Solids are distinctly different from plasma's or high temperature environments that are usually associated with conventional fusion. Solids, at room temperature, "do not like" disruption. High temperature plasma's (HTP's) "like" disruption. Periodically ordered solids can coherently absorb momentum, all at once at a point, discontinuously, and through recoil processes in which the solid, as a whole, moves in response to a collision at an isolated location. As a result, in ordered solids, very often not only is the initial momentum of "colliding" particles not conserved by the particles during "collisions," but at low - intermediate temperatures, these kinds of "collisions" play a dominant role in the following important effects: 1. the conduction of heat and electricity 2. diffraction of neutrons, electrons and X-rays, and 3. the Mossbauer effect. Because the idealized limit of stoichiometric PdD is periodically ordered, not only is there reason to believe, as we have discussed previously, that further D-loading will result in the occupation of ion band states by D-nuclei, it is probable that the potential nuclear reactions and transport of ion band conserving process involve indistinguishable particles (as in the case of D) and occur completely elastically, distinctly quantum mechanical forms of coherent internment become possible in which periodic order is preserved, and it can become "virtually" impossible to identify both the location of the interaction and the participating entities involved with the resulting release of energy. The paper provides a brief tutorial that summarizes the origin of this interaction, using well-known examples cited from solid state physics, and an overview of the predictions of the associated Lattice Induced Nuclear Chemistry (LINC) theory of Cold Fusion.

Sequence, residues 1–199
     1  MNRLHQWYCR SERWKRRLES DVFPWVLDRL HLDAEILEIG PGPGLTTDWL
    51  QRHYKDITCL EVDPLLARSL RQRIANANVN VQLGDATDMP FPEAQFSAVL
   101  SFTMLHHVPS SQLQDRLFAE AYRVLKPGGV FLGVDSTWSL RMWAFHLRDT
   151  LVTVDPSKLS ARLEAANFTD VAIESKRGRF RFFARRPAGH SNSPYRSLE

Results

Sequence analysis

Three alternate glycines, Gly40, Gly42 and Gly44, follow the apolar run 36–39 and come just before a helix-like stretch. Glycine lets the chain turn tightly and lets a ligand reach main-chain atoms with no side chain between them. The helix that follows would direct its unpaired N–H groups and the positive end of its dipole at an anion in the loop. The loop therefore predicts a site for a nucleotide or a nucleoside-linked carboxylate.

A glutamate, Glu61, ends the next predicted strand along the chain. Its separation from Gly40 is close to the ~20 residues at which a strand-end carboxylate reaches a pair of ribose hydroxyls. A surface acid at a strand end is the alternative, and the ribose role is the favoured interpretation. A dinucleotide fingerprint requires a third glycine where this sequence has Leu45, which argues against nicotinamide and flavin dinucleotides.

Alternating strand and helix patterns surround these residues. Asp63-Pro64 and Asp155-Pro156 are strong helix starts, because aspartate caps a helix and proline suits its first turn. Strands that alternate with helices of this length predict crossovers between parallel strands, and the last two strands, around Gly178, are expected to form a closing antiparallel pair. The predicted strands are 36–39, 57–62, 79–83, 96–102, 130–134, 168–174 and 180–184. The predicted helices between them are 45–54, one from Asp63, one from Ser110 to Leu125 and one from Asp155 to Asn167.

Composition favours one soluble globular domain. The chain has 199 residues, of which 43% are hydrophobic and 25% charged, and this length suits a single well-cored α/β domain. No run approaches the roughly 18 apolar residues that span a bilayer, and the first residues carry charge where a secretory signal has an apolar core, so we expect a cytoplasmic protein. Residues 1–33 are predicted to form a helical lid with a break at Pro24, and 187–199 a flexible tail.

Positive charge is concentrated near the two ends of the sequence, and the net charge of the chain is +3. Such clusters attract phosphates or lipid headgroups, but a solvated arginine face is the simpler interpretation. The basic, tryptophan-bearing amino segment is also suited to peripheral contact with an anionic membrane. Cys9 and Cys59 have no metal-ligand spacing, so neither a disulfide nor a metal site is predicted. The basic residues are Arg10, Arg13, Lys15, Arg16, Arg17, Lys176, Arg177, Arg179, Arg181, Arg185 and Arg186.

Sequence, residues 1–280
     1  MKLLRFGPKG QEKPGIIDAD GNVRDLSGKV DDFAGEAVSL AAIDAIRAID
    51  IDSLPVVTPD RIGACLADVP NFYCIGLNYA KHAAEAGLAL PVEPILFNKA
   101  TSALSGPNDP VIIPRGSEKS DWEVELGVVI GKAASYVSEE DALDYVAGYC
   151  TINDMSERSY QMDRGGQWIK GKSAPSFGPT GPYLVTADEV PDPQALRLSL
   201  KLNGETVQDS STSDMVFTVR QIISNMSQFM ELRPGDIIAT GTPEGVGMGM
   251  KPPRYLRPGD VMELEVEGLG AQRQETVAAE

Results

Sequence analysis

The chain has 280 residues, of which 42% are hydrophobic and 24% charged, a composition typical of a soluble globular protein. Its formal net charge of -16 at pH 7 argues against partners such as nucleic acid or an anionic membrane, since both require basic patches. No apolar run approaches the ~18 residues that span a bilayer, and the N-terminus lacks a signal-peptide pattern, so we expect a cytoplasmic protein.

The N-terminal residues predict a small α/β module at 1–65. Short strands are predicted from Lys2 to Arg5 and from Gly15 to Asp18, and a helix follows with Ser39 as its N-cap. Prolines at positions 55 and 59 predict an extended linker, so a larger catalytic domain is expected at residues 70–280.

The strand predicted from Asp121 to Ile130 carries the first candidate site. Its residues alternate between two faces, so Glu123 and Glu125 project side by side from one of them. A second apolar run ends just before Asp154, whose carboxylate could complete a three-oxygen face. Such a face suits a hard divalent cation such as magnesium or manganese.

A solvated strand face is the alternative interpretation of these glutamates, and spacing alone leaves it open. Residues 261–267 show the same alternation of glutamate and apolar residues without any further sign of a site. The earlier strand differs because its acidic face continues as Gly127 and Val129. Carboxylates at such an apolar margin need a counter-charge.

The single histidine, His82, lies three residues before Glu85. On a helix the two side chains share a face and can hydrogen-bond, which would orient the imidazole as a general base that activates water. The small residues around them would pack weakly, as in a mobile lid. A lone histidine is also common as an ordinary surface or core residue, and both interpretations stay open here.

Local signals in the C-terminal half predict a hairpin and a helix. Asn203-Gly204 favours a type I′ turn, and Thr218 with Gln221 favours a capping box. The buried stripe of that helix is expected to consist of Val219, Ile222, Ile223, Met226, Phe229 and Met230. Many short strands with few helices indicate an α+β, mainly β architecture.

Scott R. Chubb, Talbot A. Chubb (Oakton Intl. Corp., Arlington, CA), "Really Cold, Cold Fusion," p 46, 5 refs.
Talbot A. Chubb and Scott R. Chubb (Oakton Intl. Corp., Arlington, VA), "Deuteride Induced Strong Force Reactions," p 47.